Deaf people with cerebral palsy have been a part of my life ever since elementary school, when I neither understood cerebral palsy nor knew the name. When I was in the fourth grade, there was a deaf girl named Lisa. Lisa had difficulty walking but I thought she was the same as me because her cerebral palsy was not that severe. I still remember urging her to play hopscotch with me, and Lisa saying "I can't do it!" Lisa would sometimes cry in frustration when we tried to play together, and I would sometimes lose my patience with her.
In addition, one of my children's deaf friends has cerebral palsy that has meant frequent surgeries. Fortunately, his cerebral palsy is mild enough that he is able to be included in everything that the other deaf children do, but he does have some limitations. For example, when the children were small and doing what small children do, this child was not able to run around with them and had to sit around alone a lot of the time.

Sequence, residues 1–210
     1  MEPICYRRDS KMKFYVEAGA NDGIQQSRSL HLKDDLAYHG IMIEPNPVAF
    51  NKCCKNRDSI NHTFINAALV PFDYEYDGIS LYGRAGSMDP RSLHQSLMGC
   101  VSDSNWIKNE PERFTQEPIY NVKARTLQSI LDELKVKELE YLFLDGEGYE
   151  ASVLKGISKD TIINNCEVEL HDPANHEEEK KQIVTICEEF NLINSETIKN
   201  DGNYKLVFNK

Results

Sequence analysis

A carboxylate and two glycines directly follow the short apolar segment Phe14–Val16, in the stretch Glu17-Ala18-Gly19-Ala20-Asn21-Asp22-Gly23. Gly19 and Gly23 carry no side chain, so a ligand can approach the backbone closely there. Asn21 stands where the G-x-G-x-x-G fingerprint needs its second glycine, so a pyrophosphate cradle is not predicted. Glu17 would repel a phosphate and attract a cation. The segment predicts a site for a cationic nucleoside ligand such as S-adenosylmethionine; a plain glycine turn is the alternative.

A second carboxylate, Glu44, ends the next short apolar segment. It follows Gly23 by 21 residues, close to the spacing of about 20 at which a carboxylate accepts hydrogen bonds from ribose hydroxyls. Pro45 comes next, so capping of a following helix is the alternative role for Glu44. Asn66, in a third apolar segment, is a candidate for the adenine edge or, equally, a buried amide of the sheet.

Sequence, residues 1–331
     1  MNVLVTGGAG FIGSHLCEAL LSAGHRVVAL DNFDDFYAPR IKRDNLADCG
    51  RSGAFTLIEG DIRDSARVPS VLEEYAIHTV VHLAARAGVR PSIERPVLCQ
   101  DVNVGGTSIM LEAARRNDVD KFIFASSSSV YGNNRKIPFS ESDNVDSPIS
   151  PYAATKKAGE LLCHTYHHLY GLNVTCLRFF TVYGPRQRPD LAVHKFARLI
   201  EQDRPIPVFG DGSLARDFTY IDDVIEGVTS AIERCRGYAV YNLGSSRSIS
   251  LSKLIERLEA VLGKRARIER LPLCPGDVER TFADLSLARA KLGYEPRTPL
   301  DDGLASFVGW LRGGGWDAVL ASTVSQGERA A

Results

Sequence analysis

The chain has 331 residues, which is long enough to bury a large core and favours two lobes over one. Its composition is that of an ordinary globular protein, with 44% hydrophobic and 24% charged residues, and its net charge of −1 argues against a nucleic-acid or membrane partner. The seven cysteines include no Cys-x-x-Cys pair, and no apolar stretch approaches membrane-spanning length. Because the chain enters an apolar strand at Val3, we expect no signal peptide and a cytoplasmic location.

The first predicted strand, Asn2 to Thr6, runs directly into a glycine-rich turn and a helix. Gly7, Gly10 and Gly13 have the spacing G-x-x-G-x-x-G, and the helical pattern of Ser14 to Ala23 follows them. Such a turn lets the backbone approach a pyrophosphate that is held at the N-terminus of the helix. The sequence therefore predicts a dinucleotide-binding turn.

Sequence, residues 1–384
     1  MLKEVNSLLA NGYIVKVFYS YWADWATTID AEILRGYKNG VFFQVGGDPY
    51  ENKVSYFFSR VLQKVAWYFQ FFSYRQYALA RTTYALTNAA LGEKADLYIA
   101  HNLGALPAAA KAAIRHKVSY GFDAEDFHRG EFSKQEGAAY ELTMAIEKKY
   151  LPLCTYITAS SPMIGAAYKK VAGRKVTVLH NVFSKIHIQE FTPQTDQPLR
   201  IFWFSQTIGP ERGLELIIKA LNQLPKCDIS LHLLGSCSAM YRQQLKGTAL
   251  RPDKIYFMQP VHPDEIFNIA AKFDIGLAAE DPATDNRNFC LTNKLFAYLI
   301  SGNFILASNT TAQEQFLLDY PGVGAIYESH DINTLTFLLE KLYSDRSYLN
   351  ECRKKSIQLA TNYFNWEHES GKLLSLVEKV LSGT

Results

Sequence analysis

So, I was very excited to discover the Cerebral Palsy and Deaf Organization(CPADO). Just what we need! A web site where deaf people with cerebral palsy can unite, speak out, and be role models for the deaf children out there learning to live with cerebral palsy, whether or not they have cerebral palsy.
The first thing you see when you enter the CPADO web site is a large color photograph of deaf adults with cerebral palsy. At least a few of them looked familiar to me. They are looking for material on cerebral palsy and deafness, but until they find more material, they provide links to general cerebral palsy organizations.
The best part of the site is the autobiography section. These autobiographies give a really clear picture of what it is like to be deaf and have cerebral palsy. Examples:
- Webmaster and Washingtonian Bill Mathewes - Successful in his career and still single, he almost died at birth.
- Rubella baby Kelly Madsen - A lady who uses two crutches to walk.
- Mike Dorsey - Writes of his struggle to accept both his CP and his deafness after a carefree early childhood.
The remainder of the site is devoted to exploding mythsabout cerebral palsy. There is also an explanation of the abbreviation "CP," which according to this organization does not stand for "Cerebral Palsy" but something else!
The About Deafness forum has a deafness and cerebral palsy discussion thread.
Here are a few more links on the subject.
Note: Much of the information above came from the website CPADO.org, but the site appears to have gone down.